Security Firm Takes Back Black Screen Claim
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Microsoft snapped back Tuesday at a small security firm in the U.K. when it announced that recent patches to Windows are not the cause of a 'black screen' condition that some users appear to be encountering.
In response, the U.K. firm, Prevx, which started the tale of woe with a blog post on Friday now, in a new post Tuesday, says it agrees with Microsoft (NASDAQ: MSFT).
"Since more specifically narrowing down the cause we have been able to exonerate these patches from being a contributory factor," the new blog post said.
Instead, the blog posting said that the cause of the so-called black screens was really a quirk of the technology in the Windows registry as well as a penchant by some malware and other programs to make their own changes to the registry.
Reports of the black screen problems -- in which users log in to Windows only to discover that the screen is black with no desktop, task bar, system tray, or sidebar -- surfaced late last Friday in a blog post by Prevx.
At the time, Prevx said the cause of the problem "appears to be a change in the Windows Operating Systems lock down of registry keys. This change has the effect of invalidating several key registry entries if they are updated without consideration of the new ACL rules being applied," Prevx's blog post said.
Prevx also advertised a free tool aimed at solving the black screen problems for some users.
Microsoft weighs in
Tuesday, Microsoft released its own analysis of the situation. At the same time, the company said it had unilaterally contacted Prevx to discuss the problems.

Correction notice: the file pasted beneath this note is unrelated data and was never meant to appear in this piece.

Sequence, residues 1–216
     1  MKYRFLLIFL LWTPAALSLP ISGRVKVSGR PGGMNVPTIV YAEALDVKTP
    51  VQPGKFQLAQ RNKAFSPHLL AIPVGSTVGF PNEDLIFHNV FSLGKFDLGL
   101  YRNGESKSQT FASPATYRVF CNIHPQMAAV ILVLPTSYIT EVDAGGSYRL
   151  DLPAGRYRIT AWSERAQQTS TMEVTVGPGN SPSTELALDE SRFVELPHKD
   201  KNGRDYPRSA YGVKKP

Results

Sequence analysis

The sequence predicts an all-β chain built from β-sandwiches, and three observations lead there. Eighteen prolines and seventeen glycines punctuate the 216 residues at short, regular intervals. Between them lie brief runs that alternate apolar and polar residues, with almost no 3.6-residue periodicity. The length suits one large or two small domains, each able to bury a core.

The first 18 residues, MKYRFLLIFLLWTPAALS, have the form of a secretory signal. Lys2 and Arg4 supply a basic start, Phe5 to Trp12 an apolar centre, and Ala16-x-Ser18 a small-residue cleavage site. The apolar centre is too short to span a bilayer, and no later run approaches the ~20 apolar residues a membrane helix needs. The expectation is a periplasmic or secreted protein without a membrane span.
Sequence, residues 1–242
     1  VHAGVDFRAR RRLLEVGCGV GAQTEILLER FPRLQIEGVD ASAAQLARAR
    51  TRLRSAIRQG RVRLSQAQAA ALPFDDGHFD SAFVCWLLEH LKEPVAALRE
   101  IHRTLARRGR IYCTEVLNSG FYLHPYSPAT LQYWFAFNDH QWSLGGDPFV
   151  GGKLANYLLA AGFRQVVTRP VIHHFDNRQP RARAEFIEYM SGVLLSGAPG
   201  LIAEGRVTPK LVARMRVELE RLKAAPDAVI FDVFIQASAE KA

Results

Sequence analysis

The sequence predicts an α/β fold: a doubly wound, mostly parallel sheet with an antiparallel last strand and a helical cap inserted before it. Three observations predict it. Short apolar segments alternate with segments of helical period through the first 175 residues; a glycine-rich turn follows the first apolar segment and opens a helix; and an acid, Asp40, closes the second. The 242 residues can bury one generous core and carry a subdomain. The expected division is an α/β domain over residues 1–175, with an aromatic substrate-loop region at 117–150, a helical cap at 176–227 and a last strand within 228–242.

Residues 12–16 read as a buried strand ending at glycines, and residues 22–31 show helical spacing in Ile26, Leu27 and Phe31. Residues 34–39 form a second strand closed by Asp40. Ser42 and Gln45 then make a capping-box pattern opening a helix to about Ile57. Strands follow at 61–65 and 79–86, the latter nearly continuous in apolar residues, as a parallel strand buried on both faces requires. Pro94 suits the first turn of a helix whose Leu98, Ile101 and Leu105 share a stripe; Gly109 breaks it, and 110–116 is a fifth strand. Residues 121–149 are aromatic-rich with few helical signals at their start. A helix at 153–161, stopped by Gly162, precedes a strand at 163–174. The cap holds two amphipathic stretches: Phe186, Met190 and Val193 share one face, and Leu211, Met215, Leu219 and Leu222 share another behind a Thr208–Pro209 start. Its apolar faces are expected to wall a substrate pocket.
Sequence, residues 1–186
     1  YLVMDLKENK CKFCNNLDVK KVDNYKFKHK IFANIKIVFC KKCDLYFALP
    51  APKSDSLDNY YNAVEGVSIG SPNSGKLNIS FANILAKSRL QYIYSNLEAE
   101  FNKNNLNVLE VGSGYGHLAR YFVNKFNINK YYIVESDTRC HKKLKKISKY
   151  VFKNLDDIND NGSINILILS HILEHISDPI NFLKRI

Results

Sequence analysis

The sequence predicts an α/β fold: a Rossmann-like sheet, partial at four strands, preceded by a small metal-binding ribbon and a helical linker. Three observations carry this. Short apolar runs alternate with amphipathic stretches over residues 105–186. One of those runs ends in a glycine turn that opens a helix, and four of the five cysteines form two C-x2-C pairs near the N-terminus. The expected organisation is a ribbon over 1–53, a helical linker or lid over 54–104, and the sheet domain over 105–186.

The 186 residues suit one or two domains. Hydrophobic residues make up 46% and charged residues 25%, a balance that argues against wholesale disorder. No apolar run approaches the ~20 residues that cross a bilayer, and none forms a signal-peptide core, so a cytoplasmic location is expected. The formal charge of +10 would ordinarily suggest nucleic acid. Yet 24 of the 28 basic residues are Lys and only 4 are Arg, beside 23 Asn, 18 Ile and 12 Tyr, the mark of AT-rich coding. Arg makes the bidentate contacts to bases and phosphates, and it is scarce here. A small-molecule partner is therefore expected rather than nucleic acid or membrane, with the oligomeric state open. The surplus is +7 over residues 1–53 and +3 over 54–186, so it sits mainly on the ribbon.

"The company [Microsoft] has found those reports to be inaccurate and our comprehensive investigation has shown that none of the recently released updates are related to the behavior described in the reports," Christopher Budd, security response communications lead at Microsoft said in a statement e-mailed to InternetNews.com.
Additionally, Budd said, Microsoft's own technical support organization has not been deluged with calls regarding the kinds of problems that Prevx described.
"The claims also do not match any known issues that have been documented in [Microsoft's] security bulletins or KB [knowledge base] articles," Budd added.
In its latest blog post, Prevx seemed chastened.
"We apologize to Microsoft for any inconvenience our blog may have caused. This has been a challenging issue to identify. Users who have the black screen issue referred to can still safely use our free fix tool to restore their desktop icons and task bar," Prevx's post continued.
An attempt to reach Prevx for further comment by press time was unsuccessful.
While it's true that occasionally Microsoft will release an update that has unpleasant side effects, those incidents occur rarely and are usually fixed quickly.
Microsoft also said customers can receive free tech support from its Customer Service and Support group for problems arising from installing Microsoft updates.